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What Happens If I'm the Victim of a Hit and Run?


After a crash, the drivers involved are required to stop. Unfortunately, some drivers don’t do this. Maybe they’re driving while intoxicated. Maybe they’re driving without insurance. Regardless of the reason, they make the illegal decision to flee the scene of the crime.

Here’s what happens if you become the victim of a hit and run – and what you can do to protect yourself.

Hawaii Insurance System

Hawaii has a no-fault system of insurance. This means that if you are involved in a crash, your insurance company pays for any injuries suffered by you and your passengers, up to the personal injury protection (PIP) policy limit, while the other driver’s insurance pays for their and their passengers’ injuries. Lawsuits aren’t allowed unless the injuries are significant.

However, Hawaii’s no-fault system does not apply to property loss. The at-fault driver is responsible for paying for property damage.

To demonstrate that they are able to pay for any property damage liabilities or injuries that might result from a crash, drivers in Hawaii are required to carry auto insurance that includes:

  • $10,000 per person in personal injury protection (PIP) benefits
  • $20,000 per person/$40,000 per accident in bodily injury liability
  • $10,000 per occurrence in property damage liability

Despite these requirements, though, some drivers let their insurance lapse. According to the Insurance Information Institute, 10.6 percent of drivers in Hawaii are uninsured.

After a Hit and Run

If you are the victim of a hit and run accident, you should stop your car.

  • Call the police to report the hit and run. Request medical assistance if anyone is injured.
  • See if there are any witnesses.
  • Take photographs of the damage and note the conditions at the time of the crash.
  • Contact your insurance company.

If the police are able to catch the hit-and-run driver, that driver can be held responsible. However, if the other driver cannot be found, it will be impossible to make the unknown driver pay for any damages. As a result, you could be left on the hook for the costs.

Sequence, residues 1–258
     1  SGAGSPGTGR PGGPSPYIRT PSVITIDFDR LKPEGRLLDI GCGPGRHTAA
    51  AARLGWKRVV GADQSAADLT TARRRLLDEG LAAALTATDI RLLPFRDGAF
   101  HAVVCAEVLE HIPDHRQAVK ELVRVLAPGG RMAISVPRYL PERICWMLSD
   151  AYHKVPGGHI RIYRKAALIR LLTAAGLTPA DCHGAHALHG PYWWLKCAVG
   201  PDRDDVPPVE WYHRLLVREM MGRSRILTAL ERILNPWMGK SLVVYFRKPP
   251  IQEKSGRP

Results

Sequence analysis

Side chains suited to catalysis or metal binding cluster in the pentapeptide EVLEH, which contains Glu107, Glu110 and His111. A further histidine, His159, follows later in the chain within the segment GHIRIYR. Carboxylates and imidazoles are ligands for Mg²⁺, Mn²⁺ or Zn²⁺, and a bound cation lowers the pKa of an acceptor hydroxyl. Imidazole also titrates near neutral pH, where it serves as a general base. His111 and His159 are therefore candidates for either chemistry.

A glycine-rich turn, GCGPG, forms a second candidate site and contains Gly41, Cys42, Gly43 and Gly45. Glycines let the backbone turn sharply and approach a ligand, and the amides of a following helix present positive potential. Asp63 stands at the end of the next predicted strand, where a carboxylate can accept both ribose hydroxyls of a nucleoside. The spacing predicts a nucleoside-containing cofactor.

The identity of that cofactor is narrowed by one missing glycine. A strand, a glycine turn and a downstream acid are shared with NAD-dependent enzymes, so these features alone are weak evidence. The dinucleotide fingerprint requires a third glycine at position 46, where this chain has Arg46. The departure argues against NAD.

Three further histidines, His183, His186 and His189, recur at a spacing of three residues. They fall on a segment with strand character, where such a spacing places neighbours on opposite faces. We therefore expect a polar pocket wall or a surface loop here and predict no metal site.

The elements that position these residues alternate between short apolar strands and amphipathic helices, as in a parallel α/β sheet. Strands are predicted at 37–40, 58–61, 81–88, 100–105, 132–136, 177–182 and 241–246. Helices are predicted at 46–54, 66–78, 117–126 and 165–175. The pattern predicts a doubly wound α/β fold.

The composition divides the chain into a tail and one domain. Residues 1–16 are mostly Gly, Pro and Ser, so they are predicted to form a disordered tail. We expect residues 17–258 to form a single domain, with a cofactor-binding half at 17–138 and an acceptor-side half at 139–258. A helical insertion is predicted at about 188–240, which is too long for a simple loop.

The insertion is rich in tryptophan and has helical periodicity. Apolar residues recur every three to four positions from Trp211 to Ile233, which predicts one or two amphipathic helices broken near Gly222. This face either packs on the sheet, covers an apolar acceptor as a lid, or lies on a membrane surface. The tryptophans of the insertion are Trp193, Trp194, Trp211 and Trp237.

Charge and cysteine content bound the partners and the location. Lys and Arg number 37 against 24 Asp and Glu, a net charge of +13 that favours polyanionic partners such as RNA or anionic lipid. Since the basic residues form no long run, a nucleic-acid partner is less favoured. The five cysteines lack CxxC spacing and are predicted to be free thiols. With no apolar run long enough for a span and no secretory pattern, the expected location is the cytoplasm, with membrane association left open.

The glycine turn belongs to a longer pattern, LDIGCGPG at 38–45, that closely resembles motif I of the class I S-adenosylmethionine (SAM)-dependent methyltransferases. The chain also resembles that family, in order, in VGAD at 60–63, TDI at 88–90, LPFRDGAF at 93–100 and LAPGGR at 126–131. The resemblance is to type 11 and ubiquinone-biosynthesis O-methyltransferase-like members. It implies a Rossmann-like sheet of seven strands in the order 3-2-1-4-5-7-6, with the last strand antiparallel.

Your PIP insurance will cover your injuries, but only up to your policy limit, and it will not cover the damage to your vehicle. This may leave you with considerable out-of-pocket costs. However, additional coverage may help in this situation.   

Additional Insurance Coverage

Which insurance do you need to cover a hit and run? That depends on whether you’re dealing with property damage or bodily injury, as well as the insurance laws regarding unknown drivers in your state.

In Hawaii, if an uninsured driver hits you, or if you are the victim of a hit and run, uninsured motorist insurance provides coverage for serious injury or death. Drivers can reject uninsured motorist coverage, but the coverage may prove very useful. You can also purchase underinsured motorist coverage.

Another insurance type that can help is collision insurance. Collision insurance provides coverage for damage to your vehicle caused by a collision. If you are the victim of a hit and run, you can file a claim with your collision insurance policy for the damage to your car. When purchasing collision insurance, it’s common to also purchase comprehensive insurance, which covers other causes of damage to your vehicle. 

As you can see, auto insurance coverage issues can be complex. Be sure to discuss your needs with a FICOH agent or representative. If you’d like to explore your coverage options, get a personal auto quote today.